Fundamental changes in a media business recovery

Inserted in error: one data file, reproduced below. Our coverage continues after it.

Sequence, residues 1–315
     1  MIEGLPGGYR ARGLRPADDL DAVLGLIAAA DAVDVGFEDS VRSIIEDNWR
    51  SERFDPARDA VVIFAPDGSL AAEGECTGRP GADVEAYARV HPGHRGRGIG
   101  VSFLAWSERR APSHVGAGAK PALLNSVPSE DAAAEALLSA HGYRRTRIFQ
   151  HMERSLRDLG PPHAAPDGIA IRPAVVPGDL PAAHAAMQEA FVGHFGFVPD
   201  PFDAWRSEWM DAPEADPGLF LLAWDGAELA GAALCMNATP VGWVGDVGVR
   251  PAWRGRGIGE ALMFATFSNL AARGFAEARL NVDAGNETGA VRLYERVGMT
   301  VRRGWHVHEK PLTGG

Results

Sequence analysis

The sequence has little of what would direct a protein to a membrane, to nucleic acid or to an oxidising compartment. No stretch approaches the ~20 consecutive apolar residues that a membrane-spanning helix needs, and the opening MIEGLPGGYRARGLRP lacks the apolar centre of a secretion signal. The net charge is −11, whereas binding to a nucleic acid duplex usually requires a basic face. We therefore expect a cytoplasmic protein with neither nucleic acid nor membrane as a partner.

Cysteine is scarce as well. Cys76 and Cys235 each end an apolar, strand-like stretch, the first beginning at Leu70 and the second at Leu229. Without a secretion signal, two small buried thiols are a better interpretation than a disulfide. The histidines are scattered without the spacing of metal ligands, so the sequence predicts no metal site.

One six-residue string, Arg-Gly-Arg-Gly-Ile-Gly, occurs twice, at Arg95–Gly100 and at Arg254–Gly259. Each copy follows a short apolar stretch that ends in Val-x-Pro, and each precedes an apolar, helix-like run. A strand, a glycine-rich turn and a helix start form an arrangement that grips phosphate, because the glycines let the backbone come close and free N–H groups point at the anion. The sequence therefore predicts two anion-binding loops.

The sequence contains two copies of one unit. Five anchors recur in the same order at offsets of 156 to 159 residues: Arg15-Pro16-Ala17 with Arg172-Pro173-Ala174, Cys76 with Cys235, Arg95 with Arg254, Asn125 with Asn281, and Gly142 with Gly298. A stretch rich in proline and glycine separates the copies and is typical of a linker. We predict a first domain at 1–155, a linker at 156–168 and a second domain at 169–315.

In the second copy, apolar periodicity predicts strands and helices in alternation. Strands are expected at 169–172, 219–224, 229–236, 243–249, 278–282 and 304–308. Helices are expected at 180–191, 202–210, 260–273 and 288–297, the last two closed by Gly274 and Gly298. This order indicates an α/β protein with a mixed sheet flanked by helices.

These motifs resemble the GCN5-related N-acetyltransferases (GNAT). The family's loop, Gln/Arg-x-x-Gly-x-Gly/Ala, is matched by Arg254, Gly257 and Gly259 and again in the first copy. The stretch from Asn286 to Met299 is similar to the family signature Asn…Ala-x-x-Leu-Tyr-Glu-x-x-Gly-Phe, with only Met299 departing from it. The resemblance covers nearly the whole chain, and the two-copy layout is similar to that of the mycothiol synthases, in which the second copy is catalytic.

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We have been in the middle of the perfect storm since September. Beginning with the demise of Lehman Brothers through February, all the markets were in free fall. The only other period that I can compare this to is after 9/11 in the fourth quarter of 2001, when the economies of the world ground to a halt and Herculean efforts were required to jump-start the world stock exchanges. While the wheels of commerce ground to a halt during both of these periods, this recession has been much deeper and cut a wider path of destruction. After the collapse of Bear Stearns and Lehman, all eyes turned to Merrill Lynch. As we have recently learned, Treasury Secretary Henry Paulson and Fed Chairman Ben Bernanke were not taking anything for granted, and Ken Lewis, CEO of Bank of America, could not walk away from the Merrill Lynch deal even after he learned the extent of its losses in December. While the bailout of the financial industry was getting under way, attention turned to the automotive industry. Could anyone have predicted that the American automotive industry would be brought to its knees, or that two of the Big Three—Chrysler and General Motors—would end up in bankruptcy and need to be bailed out by the U.S. Treasury? We were not looking at run-of-the-mill businesses, but rather American icons that once were the envy of competitors around the world. The events of the past months will have a lasting impact on how we conduct business and will shape our information industry for years to come. What will the markets we serve look like in 2010 and 2011? I sense that we will initially emerge as a smaller and more focused industry. Many venerable b-to-b names will not survive intact. Some of these have been part of the industry since the beginning of the 20th century, but they have not evolved and have lost focus with unwieldy portfolios, serving too many markets. Others that were acquired when money was cheap are now overleveraged and will need to go through a process of deleveraging. In many cases, their new owners will be their former lenders. As the recovery accelerates in 2010 and beyond, the debate between branding versus lead generation will intensify. Over the past several years, we have become expert at developing lead-generation programs that meet our clients' needs. Lead generation will remain a high priority for b-to-b marketers and will continue to fuel the growth of all vertical sectors. We will continue to refine how to package and deliver those leads in formats that work best for our clients. But the best marketers will restore the equilibrium between branding and lead generation. The difference now, though, compared with how we emerged from the 2001 recession, will be that the majority of branding dollars will be spent online. Print will continue to be a part of that mix but, as we accelerate into the digital world, it will represent an increasingly smaller percentage of overall marketing budgets. In addition, live and Web-based events, together with rich data and analytics products, will command a larger share of marketing services budgets. Companies that have not invested in content management systems (CMS) or had their editors tagging content for easy repurposing will not survive as strong competitors. There will also be less competition from our old competitors, many of which have made deep cuts to stay afloat. Meanwhile, nimble all-digital competitors will emerge very strong. Many of these still reside in the portfolios of venture capital companies, where they have been nurtured during the downturn and are now positioned to grow quickly in the recovery. There is another Google waiting to emerge, as during the last recovery, demonstrating that marketing and advertising spending have not disappeared, but that technology has provided more efficient solutions that will meet market demand. Jim Casella is CEO of Asset International. He can be reached at [email protected]
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